box score

Alfonso Soriano drove in two runs and reached base four times on two singles and two wallks, Milton Bradley had three hits including a double and a solo home run, and Geovany Soto drove in two runs with a double and a sacrifice fly, leading the Cubs to a hard-fought 9-8 victory over the Colorado Rockies this afternoon in front of a record Ho Ho Kam Park crowd of 13,298.

box score

Jake Fox had three hits and drove in five runs with a two-run double and a three-run homer, Milton Bradley drove in three runs with a two-run home run and an RBI single, Alfonso Soriano drove in two runs with a solo HR and an RBI single, and Sean Marshall started the game and pitched five strong innings (getting ten ground balls), as the Cubs drubbed the White Sox 13-2 in Cactus League action at Camelback Ranch this afternoon

box score  

(Hat tip to MLBTR for the link)

This article will do Milton Bradley no favors with the fans or the press that is already trying to poke him with a stick like 10-year olds at a zoo trying to wake up a sleeping lion.

Gordon Wittenmyer in his Sunday Sun-Times article extolled the virtues of Cubs trainer, Mark O'Neal. It's a really nice piece explaining how valuable an athletic trainer can be to the ballclub. Beyond the obvious treating of injured athletes, the job involves organizing effective treatment protocols, reviewing medical histories and records and something as simple as honest communication of his medical opinions to both the athlete and management after assessing all this medical input. It took some time but he's created a sense of trust of his judgement from athletes and management.

The line between keeping the manager and GM fully informed and not betraying a player's confidence is not a tough one to walk, O'Neal said, as long as it comes with honesty, straight talk and the confidence he and his staff know what they're doing.

I did the bulk of the research for this article with the idea this would be a preview on whom the Cubs should prefer as their new right fielder. Then the signing became imminent and eventually a reality, so I decided to turn this into an analysis of the newest Cub outfielder, Milton Bradley. You've probably already seen a lot of these numbers in one way or another, but why let the work go to waste?

Let's start with a look at their offensive numbers...in beautiful table form. Their ages are their 2009 baseball ages, in other words using the July 1st cutoff for their birthday. The 3-year WARP averages are a simple average, just taking the last three seasons and dividing by three, rather than weighting it by games played or anything like that. Considering it's a cumulative stat, I actually believe that's kosher.  I went with 2009 Bill James projections, but you can find MARCEL or CHONE on their fangraphs pages. Bold indicates the leader in that category.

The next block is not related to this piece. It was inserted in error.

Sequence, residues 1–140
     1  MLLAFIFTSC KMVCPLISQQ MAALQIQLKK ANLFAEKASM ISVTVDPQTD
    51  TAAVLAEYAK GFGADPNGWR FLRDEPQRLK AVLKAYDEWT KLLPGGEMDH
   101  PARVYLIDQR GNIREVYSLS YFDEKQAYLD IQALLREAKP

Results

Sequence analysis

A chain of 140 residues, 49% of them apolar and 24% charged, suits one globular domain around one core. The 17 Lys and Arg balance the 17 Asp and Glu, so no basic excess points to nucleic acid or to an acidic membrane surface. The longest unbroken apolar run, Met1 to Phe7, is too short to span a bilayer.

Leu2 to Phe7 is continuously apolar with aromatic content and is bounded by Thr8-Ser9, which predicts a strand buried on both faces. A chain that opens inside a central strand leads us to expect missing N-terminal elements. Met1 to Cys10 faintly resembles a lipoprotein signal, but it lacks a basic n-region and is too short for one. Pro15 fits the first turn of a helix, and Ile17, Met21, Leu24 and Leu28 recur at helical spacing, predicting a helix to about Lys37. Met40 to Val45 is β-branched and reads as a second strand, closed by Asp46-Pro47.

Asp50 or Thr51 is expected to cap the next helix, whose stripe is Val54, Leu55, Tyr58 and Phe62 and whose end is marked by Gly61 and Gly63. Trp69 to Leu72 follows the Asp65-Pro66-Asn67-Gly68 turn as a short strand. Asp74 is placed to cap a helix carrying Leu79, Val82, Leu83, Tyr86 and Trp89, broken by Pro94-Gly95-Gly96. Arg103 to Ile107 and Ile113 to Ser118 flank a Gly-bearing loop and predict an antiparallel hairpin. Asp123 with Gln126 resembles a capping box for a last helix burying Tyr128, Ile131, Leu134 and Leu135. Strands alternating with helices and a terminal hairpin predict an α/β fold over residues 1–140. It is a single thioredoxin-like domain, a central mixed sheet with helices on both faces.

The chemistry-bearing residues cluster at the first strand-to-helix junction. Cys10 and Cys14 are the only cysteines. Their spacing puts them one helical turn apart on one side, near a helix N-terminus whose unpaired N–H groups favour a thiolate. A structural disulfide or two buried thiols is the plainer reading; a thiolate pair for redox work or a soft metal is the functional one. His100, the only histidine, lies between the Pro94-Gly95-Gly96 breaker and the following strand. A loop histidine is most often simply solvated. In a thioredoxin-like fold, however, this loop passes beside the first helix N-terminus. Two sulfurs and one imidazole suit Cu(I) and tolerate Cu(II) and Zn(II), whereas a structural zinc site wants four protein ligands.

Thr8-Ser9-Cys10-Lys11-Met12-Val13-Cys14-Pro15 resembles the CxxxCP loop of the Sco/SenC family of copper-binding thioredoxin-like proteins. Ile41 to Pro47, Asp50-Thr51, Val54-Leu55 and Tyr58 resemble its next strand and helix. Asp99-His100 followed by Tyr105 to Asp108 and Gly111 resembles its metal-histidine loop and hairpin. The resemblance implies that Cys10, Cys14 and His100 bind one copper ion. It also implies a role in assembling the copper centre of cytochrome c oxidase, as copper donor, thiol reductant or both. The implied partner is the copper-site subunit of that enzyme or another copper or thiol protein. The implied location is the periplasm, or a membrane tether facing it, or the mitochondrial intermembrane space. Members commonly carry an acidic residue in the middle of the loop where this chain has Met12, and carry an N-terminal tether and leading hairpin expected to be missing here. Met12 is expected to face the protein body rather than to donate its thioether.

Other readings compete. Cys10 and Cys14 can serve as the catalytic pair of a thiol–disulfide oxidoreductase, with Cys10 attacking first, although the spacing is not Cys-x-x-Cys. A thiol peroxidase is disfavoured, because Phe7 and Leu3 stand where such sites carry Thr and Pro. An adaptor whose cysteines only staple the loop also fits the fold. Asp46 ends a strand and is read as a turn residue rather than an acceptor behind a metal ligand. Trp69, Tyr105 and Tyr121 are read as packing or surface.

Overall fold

Jon Heyman at SI claims to have seen Milton Bradley's contract, and says the clause that would automatically kick-in the third year is that he needs to spend fewer than 75 days on the disabled list in 2009 to guarantee the full amount.

When it was first reported, Wittenmyer said it was a multilayered set of clauses, so I'm guessing the wording and legalese is a little more complicated than just spending less than those 75 days, maybe there's something about it not being due to a specific injury.

We finally get word on the specifics of Milton Bradley's contract from the Sun-Times:

The contract pays $5 million in base salary in 2009 and $9 million in
2010 -- with a $4 million signing bonus split over the two seasons --
with $12 million due in 2011. But a multilayered set of clauses turns
the final year into a team option (with a $2 million buyout) if
Bradley's health becomes a serious problem this season.

So $7M for 2009, $11M for 2010 and $12M in 2011 with a $2M buyout team option in 2011 if the mysterious clauses kick-in.


And looks like I missed the top 10 prospects from Scout.com, they posted them before Christmas...silly me.

  1. Josh Vitters
  2. Jeff Samardzija
  3. Andrew Cashner
  4. Welington Castillo
  5. Jay Jackson
  6. Ryan Flaherty
  7. Mitch Atkins
  8. Tyler Colvin
  9. Kevin Hart
  10. Micah Hoffpauir
  11. Esmailin Caridad
  12. Brandn Guyer
  13. Marcos Mateo
  14. Jovan Rosa
  15. James Russell
  16. Dan McDaniel
  17. Chris Carpenter
  18. Aaron Shafer
  19. Ryan Acosta
  20. Matt Cerda